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Victims of Crime (Rights, Entitlements, and Notification of Child Sexual Abuse) Bill [HL]

Volume 799: debated on Friday 19 July 2019

Second Reading

Moved by

My Lords, I declare my interest as co-chair of the APPG on Victims of Crime. There is no doubt that being a victim of a serious crime is devastating and can result in physical, mental, emotional or economic harm. This can be to the victim direct, the relative of someone whose death was caused by or as a result of a criminal offence, or a close relative of an incapacitated victim. That is the current definition of a victim in the victims’ code of practice.

I have personal interest in this matter, having been a victim of harassment and stalking along with my team when I was a parliamentary candidate in Watford. My Conservative opponent was convicted of 67 crimes targeting myself and, by association, my colleagues over a period of three years. No matter how calm or logical you can be, the scars of that sort of treatment, some of it very personal, run deep and long. How much more do the victims of rape, sexual assault, coercive control or attempted murder feel when the system set out in the victims’ code fails them on top of the assault that they have already faced? They are victimised a second time.

I am grateful to the noble Baroness, Lady Newlove, the former Victims’ Commissioner, who cannot be in her place today, for her encouragement and support over the last few years. I am also delighted to welcome her successor, Dame Vera Baird QC, and to thank Dame Vera for her helpful and thoughtful briefing for Members. I thank the Library for its excellent briefing too. I have also worked with Claire Waxman and Harry Fletcher over the last eight or nine years. Claire is now the Victims’ Commissioner for London, and Harry still works tirelessly to support victims to ensure that they get the support they need.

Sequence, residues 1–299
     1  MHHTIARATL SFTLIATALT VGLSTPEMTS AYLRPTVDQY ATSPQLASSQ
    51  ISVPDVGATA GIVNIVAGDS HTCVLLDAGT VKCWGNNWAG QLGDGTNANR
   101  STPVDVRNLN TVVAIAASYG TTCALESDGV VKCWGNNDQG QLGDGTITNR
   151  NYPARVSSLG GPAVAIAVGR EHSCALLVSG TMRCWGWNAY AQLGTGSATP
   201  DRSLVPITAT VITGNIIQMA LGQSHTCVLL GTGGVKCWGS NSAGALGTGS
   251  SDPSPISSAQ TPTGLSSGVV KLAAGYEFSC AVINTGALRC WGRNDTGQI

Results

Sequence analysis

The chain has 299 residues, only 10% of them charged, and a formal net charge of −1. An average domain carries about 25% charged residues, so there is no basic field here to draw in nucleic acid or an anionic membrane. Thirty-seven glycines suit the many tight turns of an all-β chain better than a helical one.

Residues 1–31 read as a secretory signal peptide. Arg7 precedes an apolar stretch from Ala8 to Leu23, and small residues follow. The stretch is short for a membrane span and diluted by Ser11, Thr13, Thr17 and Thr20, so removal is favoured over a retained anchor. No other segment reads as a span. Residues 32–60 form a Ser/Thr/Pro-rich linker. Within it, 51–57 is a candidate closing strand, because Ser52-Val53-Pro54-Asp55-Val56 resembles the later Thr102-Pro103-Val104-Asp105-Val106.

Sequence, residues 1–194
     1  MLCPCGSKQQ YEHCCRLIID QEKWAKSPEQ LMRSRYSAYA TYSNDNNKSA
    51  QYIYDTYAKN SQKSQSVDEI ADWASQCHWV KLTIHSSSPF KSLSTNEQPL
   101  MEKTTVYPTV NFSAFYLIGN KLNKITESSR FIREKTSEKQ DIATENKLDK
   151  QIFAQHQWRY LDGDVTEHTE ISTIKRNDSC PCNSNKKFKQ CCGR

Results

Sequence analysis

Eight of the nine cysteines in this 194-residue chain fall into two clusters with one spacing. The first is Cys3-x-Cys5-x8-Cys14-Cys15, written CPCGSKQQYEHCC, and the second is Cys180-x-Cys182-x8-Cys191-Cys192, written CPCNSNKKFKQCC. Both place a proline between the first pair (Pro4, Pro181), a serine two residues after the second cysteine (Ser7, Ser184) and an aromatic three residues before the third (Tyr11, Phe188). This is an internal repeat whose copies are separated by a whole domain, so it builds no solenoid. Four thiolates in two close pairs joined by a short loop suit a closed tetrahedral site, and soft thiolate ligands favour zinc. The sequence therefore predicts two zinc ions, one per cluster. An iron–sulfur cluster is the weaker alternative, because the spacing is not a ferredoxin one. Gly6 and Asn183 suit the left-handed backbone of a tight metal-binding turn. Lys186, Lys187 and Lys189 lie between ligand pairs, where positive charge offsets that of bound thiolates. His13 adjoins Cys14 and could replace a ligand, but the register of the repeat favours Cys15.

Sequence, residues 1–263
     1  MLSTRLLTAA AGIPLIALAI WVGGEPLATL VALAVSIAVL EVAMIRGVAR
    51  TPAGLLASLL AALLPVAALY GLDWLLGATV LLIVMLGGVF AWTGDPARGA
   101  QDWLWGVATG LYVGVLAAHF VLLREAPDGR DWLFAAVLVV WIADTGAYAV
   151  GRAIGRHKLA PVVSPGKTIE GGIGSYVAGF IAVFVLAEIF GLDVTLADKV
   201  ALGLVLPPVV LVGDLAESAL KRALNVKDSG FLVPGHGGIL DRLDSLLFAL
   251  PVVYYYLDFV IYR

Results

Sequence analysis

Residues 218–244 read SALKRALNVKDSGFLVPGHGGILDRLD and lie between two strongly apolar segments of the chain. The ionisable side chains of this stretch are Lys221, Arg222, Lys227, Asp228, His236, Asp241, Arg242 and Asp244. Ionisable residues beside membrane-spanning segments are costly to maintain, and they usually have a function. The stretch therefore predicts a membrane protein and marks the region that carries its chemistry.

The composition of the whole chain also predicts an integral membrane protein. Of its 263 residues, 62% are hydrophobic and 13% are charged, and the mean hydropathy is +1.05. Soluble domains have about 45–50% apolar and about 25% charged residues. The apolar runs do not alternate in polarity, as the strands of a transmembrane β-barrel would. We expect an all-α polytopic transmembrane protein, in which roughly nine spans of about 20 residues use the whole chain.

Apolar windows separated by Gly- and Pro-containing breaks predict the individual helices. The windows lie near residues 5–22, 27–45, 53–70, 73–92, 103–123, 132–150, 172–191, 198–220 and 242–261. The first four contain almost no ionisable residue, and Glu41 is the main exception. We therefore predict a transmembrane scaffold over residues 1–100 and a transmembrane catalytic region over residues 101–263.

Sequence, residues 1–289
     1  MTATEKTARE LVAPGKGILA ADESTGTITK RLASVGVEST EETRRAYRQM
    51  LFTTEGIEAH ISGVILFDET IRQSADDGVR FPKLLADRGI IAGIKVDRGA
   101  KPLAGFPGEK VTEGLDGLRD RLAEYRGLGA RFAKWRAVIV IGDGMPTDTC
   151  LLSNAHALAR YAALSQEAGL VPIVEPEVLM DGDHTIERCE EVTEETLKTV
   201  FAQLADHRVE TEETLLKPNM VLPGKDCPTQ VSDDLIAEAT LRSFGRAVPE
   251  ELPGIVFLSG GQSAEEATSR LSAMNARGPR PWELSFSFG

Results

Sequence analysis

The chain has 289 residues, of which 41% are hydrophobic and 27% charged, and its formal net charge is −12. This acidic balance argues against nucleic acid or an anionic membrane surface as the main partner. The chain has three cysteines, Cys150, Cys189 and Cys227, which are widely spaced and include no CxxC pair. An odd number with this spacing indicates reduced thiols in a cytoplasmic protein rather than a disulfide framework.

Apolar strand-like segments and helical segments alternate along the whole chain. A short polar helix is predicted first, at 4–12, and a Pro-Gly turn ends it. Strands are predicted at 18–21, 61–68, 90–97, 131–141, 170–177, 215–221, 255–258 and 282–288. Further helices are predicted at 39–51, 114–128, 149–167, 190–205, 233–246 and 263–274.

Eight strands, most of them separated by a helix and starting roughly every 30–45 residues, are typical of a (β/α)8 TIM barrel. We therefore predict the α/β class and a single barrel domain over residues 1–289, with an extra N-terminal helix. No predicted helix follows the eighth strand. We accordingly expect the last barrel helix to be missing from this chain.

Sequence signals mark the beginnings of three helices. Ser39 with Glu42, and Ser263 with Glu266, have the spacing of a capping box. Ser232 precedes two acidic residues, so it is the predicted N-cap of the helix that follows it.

The first version of this Bill was introduced by Elfyn Llwyd of Plaid Cymru in March 2015. He subsequently stood down from Parliament in 2015, and a revised version of the Bill was tabled by Sir Keir Starmer in 2016. Both 10-minute rule Bills in another place had all-party support.

The Bill puts the discretionary victims’ code on to a statutory footing. The code was originally introduced in England in Wales in 2006 and is a set of expectations for criminal justice agencies, but it is not mandatory. Victims do not have legal rights, and agencies “may” or “ought” to respond to victims’ needs. Despite the existence of the code, victims are repeatedly failed and often face re-victimisation by the criminal justice system. Complaints and appeal procedures are lengthy and almost impossible to use.

The code offers victims things such as: accurate and timely information; adequate notice of court proceedings; information about decisions; access to translation services; direct contact details of agencies and individuals involved; no unnecessary delay; being treated with dignity and respect; not to experience discriminatory behaviour; witnesses who are vulnerable to give their evidence at a distance or behind screens; police ensuring the safety of victims during proceedings; access to a liaison officer; access to transcripts of proceedings at no cost; the right to attend pre-court hearings; and access to financial compensation from public funds.

Over the past decades, there has been an understanding that, while the code appears sufficient on the surface, the experience of victims of serious crime is very different. Indeed, most seem unaware that the code exists, let alone know about its content or about any other complaints procedures. The Victims Rights Campaign and many others have received frustrated comments with depressing regularity. Victims are not told of parole decisions—I think we all remember the Worboys case. Victims’ impact statements go missing from the Crown prosecution bundle. Screens or separate waiting areas are requested but not provided. Translation services are not available or, worse, are available in the wrong language. Probation fails to give victims vital information. Victims are unaware, until sitting in court, of previous criminal convictions. Cases take months and victims are not given reasons for delays. Personal information about victims is read out in court with the alleged perpetrator present—and I can tell you that, if someone is stalking you and your home address is read out, that is a major problem. Victims are asked to control their emotions in the witness box. I could go on.